Bhabha and Sarabhai understood the importance of international collaboration and had the international connections and charisma to invoke engagement. Without the assistance of foreign nations, particularly, the USSR, USA and France India would probably not have its space program in the current form but a mere shadow of what it actually has today. All the contributions are from Indian contributors with the exception of  a special but short contribution from Jacques Blamont from France and an incidental interview transcript of an Arnold Frutkin interview as part of the NASA Oral history program from 2012. It is customary in any book review to identify some shortcomings.  Since international collaboration has been central to ISRO’s progress over the decades, there could have been more international representation. Certainly, the absence of a USSR/Russian contribution is conspicuous. This book would also have been an ideal place to capture more original images perhaps sourced from the private collections of the contributors.

One of Carl Sagan’s many quotes goes like this “In all the history of mankind, there will only one generation that will be first to explore the Solar System”. Here he highlights the chance nature of events that happen for the first time in human history and coincide with our time on earth. Abdul Kalam who played a key role in ISRO  developing India’s first rocket capable of placing a satellite in orbit (SLV-3) died in  July 2015. In January 2016  Vasant Gowariker  who among his many contributions helped develop ISRO’s solid propellent infrastructure. The publication of “From a Fishing Hamlet to the Red Planet: India’s Space Journey” is timely. It is a detailed account from the ever decreasing group of individual who were part of that journey.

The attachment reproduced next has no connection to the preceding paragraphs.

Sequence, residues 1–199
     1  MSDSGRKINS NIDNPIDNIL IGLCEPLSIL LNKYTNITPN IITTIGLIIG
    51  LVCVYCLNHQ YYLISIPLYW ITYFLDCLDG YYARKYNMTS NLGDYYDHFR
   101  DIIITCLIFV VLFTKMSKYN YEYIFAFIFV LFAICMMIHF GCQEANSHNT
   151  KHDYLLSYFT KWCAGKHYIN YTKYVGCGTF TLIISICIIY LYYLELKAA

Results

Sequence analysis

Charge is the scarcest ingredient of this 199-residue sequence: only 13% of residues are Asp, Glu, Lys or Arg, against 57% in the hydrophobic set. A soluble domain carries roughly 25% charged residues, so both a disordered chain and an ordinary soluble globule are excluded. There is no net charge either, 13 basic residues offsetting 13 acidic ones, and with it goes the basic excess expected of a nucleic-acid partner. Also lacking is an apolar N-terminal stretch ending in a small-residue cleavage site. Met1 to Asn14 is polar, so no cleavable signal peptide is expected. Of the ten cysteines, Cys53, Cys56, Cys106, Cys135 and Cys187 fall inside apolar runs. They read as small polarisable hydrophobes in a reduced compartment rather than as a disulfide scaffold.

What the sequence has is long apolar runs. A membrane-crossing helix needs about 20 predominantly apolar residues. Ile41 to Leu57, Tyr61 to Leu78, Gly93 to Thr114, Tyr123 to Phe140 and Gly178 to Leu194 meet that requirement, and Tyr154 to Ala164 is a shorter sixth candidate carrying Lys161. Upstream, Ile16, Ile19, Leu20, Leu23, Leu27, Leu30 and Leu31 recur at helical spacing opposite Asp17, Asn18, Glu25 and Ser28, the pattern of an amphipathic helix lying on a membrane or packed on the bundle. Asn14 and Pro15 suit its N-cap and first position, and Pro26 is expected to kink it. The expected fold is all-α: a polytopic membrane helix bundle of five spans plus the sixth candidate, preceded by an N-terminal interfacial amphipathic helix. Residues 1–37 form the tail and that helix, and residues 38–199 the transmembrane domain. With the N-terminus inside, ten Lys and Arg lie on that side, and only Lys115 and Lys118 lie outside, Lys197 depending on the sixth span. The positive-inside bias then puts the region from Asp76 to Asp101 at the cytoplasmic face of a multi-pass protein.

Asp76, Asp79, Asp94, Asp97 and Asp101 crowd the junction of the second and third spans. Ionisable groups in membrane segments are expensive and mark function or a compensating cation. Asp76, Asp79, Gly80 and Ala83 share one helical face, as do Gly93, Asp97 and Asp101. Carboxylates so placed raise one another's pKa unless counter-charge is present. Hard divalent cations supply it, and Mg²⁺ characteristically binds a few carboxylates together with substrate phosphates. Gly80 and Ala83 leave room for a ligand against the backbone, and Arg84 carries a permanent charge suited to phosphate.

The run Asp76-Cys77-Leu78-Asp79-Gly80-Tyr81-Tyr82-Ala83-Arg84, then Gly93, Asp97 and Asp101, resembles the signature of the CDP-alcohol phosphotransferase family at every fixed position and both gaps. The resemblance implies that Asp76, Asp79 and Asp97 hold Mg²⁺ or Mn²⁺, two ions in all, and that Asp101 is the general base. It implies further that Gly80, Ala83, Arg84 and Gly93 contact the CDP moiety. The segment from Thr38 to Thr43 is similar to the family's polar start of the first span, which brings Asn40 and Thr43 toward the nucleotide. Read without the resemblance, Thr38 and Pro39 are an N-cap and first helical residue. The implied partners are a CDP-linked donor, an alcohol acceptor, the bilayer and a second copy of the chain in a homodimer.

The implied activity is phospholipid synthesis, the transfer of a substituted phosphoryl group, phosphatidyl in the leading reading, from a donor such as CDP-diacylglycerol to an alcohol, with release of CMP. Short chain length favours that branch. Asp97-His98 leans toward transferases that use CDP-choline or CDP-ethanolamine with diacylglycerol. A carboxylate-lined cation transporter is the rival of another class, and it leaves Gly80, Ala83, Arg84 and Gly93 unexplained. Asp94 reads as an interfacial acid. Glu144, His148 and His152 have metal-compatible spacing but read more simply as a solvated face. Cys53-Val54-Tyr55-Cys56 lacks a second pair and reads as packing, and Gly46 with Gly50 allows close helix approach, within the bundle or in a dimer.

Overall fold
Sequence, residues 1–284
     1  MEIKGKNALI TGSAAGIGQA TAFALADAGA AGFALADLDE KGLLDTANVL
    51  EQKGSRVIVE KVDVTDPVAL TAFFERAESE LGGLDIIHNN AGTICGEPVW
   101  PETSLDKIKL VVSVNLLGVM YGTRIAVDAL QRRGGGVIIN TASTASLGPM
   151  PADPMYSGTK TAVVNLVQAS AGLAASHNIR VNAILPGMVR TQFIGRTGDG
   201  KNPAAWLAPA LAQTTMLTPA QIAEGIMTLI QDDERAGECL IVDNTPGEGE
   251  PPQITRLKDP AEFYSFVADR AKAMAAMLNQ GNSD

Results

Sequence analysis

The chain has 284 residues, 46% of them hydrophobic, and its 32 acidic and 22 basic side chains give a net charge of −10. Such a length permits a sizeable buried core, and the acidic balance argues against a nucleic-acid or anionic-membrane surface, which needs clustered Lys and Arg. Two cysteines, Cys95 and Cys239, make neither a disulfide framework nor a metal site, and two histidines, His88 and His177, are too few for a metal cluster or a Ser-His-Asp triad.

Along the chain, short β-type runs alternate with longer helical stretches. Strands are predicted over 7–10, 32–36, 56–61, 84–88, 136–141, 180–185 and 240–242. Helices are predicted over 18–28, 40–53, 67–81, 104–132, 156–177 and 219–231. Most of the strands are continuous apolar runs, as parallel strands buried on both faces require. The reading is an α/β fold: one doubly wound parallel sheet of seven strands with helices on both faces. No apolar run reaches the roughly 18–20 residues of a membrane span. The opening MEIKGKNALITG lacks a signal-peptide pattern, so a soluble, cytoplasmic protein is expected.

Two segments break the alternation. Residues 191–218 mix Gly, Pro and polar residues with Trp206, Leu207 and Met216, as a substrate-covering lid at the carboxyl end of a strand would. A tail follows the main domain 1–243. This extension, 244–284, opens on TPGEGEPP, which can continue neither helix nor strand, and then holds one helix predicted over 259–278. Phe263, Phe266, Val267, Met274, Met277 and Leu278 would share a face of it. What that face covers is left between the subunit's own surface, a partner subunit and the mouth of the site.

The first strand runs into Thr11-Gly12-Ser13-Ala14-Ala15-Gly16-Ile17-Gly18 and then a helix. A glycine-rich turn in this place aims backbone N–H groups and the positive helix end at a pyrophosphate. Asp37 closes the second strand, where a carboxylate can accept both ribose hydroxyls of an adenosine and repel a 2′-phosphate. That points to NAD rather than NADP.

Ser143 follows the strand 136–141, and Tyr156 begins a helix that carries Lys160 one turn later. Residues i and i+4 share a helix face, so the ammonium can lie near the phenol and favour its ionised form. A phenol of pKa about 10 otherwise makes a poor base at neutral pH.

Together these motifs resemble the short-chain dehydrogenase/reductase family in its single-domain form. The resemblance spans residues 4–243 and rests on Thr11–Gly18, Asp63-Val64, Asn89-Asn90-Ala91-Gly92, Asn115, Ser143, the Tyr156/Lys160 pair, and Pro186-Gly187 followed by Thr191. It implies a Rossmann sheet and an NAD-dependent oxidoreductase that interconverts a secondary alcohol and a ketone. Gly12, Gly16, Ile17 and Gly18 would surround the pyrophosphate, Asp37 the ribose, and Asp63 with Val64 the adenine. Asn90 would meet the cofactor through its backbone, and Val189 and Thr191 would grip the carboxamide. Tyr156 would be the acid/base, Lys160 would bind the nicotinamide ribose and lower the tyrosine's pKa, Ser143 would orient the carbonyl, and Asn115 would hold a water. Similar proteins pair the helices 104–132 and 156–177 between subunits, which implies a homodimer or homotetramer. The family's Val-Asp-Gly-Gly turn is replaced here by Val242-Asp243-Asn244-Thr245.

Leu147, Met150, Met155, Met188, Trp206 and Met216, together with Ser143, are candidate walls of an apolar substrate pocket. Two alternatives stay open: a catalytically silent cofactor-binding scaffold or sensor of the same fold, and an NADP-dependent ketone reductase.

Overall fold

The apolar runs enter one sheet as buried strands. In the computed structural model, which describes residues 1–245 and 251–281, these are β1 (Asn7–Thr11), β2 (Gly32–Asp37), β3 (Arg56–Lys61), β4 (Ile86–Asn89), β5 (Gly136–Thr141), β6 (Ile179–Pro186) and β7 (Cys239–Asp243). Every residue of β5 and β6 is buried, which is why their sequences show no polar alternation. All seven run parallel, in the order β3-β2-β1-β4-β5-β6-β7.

Akatsuki – New arrival at Venus

Akatsuki. Credit JAXAWith two active rovers on the surface of Mars and six satellites in orbit, the Human exploration of Mars continues as never before. Two more missions will be leaving Earth for Mars in early 2016. However, the space news of this week that has not received the due global attention is the arrival of the Japanese spacecraft, Akatsuki in Venusian orbit on Monday. Compared to the social media storm of when the Indian Mars Orbiter Mission arrived in Mars in October 2014, Akatsuki’s arrival at Venus has been an unfairly subdued affair.

The highly successful European Venus Express mission came to an end early this year, today Akatsuki is the only active spacecraft in orbit around Venus. At 400 by 440,000km Akatsuki will orbit Venus every two weeks in a highly elliptical orbit. Jaxa engineers plan to tweak the orbit and commission all 6 instruments – 3 of which are already operational.

The story of Akatsuki’s mission to Venus almost mirrored the problematic Nozomi spacecraft to Mars in 1999. Jaxa’s Nozomi spacecraft suffered engine problems and failed to orbit Mars but did fly past it in 2003. Akatsuki, launched in 2010 also suffered engine problems and achieved orbit of Venus only on its second attempt 5 years after launch. Jaxa’s engineers employed some remarkable engineering solutions to achieve this success. Akatsuki will now orbit Venus for a two-year science mission. A more detailed write-up is available at Spaceflight 1010.


Public Talk – The Indian Space Program

Geosynchronous Satellite Launch Vehicle